March 17 - 30, 2006
Vol. 36, Issue 5
Back Issues
IN THIS ISSUE
U.Va.'s minimum hourly pay rate jumps to $9.37
Medical Center makes changes to its compensation system

Dworkin, Zumthor TJ Foundation Medalists

Parking rates to rise June 1
SimMan
Digest
Preparing for future faculty needs to begin now
Balancing act
In search of excellence
Faculty Senate awards $100,000
Faculty senators discuss Semestar at Sea
Spanish creative writing course makes its debut
Series gives first-hand reports from frontiers of biodiversity and conservation science

Dove wins international award

 

Series gives first-hand reports from frontiers of biodiversity and conservation science

hotspots revisited
Thomas Brooks, Michael Hoffmann, John Lamoreux and photographer Christina Mittermeier, co-authors of the book “Hotspots Revisited,” are among the distinguished scientists who will participate in a lecture series on “Environment, Conservation and Culture.” They will give the U.Va. community first-hand reports from the frontiers of biodiversity and conservation science around the globe.

Environment, Conservation and Culture” is the theme of an upcoming lecture series sponsored by the Office of the Vice President for Research and Graduate Studies. The series highlights U.Va. research and education programs that investigate the interrelatedness of the natural environment and human behavior.

Such programs almost inevitably are interdisciplinary and collaborative, involving researchers and practitioners in biodiversity and conservation, anthropology, business and sustainable development, and the arts.

Over the past three years, U.Va. has developed strong higher education partnerships in southern Africa and South America and research partnerships with leading international conservation organizations, including Conservation International. U.Va. investigators also are working closely with the World Bank on projects in the Galapagos and Machu Picchu.

“With this lecture series, featuring the co-authors of the book ‘Hotspots Revisited’ and distinguished scientist Kevin Gaston, the University community will have first-hand reports from the frontiers of biodiversity and conservation science around the globe,” said Dr. R. Ariel Gomez, vice president for research and graduate studies. “Their research has enormous implications for the way we think about the natural world, and these programs will provide ample opportunities for public discussion.”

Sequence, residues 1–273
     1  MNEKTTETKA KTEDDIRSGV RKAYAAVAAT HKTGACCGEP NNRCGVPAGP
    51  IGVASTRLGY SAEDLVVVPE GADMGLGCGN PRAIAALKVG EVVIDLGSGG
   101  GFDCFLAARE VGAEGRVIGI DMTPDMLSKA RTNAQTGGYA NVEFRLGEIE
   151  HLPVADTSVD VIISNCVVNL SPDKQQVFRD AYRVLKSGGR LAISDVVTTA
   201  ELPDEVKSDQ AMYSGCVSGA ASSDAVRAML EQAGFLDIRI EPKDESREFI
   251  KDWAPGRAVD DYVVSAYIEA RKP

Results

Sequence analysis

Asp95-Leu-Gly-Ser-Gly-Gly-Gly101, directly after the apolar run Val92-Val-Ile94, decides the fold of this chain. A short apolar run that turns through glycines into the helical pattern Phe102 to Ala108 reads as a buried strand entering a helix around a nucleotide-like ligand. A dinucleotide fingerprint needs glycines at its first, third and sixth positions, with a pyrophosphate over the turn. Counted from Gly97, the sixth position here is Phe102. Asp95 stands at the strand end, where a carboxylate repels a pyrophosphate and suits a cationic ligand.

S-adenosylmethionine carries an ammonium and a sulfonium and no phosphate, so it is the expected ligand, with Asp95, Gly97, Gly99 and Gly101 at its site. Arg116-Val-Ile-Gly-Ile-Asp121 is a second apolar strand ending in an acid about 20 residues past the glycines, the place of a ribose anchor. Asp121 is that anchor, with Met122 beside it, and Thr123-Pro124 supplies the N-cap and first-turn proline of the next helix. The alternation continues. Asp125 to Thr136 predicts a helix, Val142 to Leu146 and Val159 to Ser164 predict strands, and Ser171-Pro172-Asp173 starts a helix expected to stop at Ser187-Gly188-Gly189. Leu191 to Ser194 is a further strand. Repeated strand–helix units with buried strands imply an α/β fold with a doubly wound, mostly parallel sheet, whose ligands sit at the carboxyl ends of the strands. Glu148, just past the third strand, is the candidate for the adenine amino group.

All events are free and open to the public. For more information, call Tamela Davis, 924-3606.


When: March 23, 4 p.m.
Where: Charles L. Brown Science and Engineering Library Reading Room, Clark Hall
What: Panel discussion
“Picturing Nature, Understanding Conservation: ‘Hotspots Revisited,’” a Virginia Festival of the Book session with Conservation International, features ‘Hotspots Revisited’ co-authors Thomas Brooks, Michael Hoffmann, John Lamoreux and photographer Christina Mittermeier. Through heart-stopping photographs and cutting-edge analysis, get a tour of the world’s richest ecosystems from scientists and photographers who stand at the frontlines of conservation biology today. A book signing and reception will follow.

When: April 12, 4 p.m.
Where: Clark Hall, Room 108
What: Lecture
“The Best and Worst of Times: Patterns and Problems in Biodiversity,” by Kevin J. Gaston, professor of biodiversity and conservation, University of Sheffield, is the topic of a Department of Environmental Sciences Moore Lecture; a reception will follow.

When: March-June
Where: Charles L. Brown Science and Engineering Library
What: Photo Exhibit
“The Art of Representing Nature (with Conservation International).



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